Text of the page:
So if we’ve already mentioned a few of these harms, you’ll pardon the repetition because when it comes to the environmental evils associated with oil palm plantations when they are not planted sustainably – well we cannot stress enough just how bad they are.

And trust me, it was NOT easy to limit this list to 6.

Indigenous protest in Sarawak.Credit: Borneo Project

Indigenous protest in Sarawak (One of the two Malaysian states on the island of Borneo). Credit: Borneo Project

1. Land Grabbing – Tens of millions of people rely on rainforests and peatlands for their livelihoods. A land grab is when a company directly or indirectly pressures or outright takes land belonging to the local peoples to plant palm oil plantations. This is often done through threats of violence and more often, actual violence. There have been countless cases of land disputes escalating between plantation companies and local villagers.

2. Animals Killed, Habitats DestroyedDay 1 and Day 11 have probably told you all you wanted to know (and probably didn’t want to know) about  the animals whose homes are destroyed when forests and peatlands are cleared to make way for oil palm plantations.

3. Droughts and Floods – Peatlands are great storage areas for water, and help regulate the water levels of surrounding areas.  For example when there is flooding, water can overflow into these swamps, and during droughts, peatlands act like reservoirs and slowly release water into surrounding areas. So when peatlands are cleared to grow oil palm trees, they lose all of these amazing qualities. As a result, the surrounding lands, wildlife and people who rely on this peatland suffer!

4.  Peatlands Destroyed Can No Longer Feed Local Communities –  Not to mention the other uses of these areas is lost as well. Peatlands benefit local communities when they are kept standing because of: money from tourism, sustainable forestry, harvesting of forest products that aren’t timber (like fruits, nuts etc), and they are also a great source for fisheries. All of these activities are not possible once these areas are cleared and dried to make way for plantations.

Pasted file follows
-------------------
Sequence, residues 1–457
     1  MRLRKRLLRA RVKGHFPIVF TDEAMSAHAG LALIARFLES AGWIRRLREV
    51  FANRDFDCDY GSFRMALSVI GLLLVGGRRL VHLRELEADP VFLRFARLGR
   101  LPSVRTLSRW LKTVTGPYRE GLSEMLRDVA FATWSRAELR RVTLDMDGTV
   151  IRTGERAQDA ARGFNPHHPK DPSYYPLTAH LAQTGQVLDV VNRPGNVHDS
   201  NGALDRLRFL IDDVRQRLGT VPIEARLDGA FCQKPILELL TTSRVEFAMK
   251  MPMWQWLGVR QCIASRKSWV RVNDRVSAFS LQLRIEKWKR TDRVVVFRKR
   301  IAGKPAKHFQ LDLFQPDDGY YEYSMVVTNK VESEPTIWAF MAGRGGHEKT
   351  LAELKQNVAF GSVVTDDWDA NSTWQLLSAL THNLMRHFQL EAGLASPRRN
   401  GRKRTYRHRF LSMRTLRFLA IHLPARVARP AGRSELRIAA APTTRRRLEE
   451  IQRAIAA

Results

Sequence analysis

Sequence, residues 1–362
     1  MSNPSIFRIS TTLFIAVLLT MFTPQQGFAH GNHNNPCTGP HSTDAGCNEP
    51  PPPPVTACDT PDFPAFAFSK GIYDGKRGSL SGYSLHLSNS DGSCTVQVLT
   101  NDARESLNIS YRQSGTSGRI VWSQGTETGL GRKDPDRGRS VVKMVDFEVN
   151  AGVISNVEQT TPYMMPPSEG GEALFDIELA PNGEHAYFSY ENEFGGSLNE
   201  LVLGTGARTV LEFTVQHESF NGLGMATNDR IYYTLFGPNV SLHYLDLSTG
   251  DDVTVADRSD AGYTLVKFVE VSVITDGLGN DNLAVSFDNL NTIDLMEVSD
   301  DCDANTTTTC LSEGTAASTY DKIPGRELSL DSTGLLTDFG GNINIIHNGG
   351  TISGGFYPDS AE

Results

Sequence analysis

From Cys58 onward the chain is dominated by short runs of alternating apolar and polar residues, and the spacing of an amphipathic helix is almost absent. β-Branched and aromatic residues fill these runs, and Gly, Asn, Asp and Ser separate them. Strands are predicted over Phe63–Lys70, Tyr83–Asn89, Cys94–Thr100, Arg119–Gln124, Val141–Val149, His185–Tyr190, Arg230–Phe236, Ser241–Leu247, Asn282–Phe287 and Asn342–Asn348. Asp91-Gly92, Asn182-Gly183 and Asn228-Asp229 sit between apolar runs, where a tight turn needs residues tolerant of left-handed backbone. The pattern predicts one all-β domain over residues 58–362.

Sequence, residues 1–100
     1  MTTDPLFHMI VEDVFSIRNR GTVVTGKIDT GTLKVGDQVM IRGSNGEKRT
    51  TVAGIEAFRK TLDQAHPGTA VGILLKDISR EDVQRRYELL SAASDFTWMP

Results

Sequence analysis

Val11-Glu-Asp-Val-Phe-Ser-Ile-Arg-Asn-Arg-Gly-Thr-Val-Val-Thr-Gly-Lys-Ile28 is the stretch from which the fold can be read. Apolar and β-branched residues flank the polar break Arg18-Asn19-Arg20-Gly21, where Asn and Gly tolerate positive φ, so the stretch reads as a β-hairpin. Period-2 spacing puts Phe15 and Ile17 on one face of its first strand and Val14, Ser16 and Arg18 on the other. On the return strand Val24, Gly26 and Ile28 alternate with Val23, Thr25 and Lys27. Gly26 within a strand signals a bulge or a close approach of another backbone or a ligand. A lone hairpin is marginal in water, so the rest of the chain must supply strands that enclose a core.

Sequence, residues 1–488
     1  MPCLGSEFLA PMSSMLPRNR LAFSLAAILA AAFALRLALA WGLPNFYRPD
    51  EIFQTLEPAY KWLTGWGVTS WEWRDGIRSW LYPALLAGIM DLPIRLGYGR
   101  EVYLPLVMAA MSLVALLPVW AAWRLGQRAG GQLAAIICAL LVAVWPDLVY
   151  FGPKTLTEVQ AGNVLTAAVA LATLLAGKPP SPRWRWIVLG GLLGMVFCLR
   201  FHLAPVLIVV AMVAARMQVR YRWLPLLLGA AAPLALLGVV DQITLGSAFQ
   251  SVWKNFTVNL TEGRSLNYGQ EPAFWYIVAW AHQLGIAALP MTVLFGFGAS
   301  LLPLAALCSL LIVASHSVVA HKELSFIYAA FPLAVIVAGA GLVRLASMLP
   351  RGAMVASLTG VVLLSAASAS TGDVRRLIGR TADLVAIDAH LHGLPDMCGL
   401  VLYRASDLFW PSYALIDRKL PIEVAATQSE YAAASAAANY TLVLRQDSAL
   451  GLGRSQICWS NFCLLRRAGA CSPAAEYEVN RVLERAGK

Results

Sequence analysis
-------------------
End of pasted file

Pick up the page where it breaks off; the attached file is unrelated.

5. Global Warming – Call it what you want: Climate Change, Carbon Pollution, the Whole Earth Heating etc. If peatlands are dried and then possibly burned, this means that the huge amounts of carbon that are stored in their soils (Go to Day 5 to see the Numbers) go straight back into the atmosphere. Carbon Dioxide is one of those  greenhouse gases which traps heat, causes changes in our Earth’s atmosphere, and can be directly linked to things such as: desertification, extreme weather events, sea level rise, ocean acidification, increases in temperature resulting in animal species extinction, we could go on but do we really need to to convince you it’s not a good thing?

6. Rampant Fires As we shared with you on Day 3, sometimes fires are set because it is a cheaper way to clear the land without using a bulldozer. If they aren’t set on fire on purpose, once these lands are drained, they are more likely to catch fire from lightning, which results in massive wildfires that destroy surrounding peatlands and forests, and kill hundreds and thousands of animals living on these lands. This is already a big problem in Southeast Asia, as forest and land fires kill an additional 15,000 people every year  – a lot of this is because there is so much smoke polluting the air which causes a lot of lung and heart problems.


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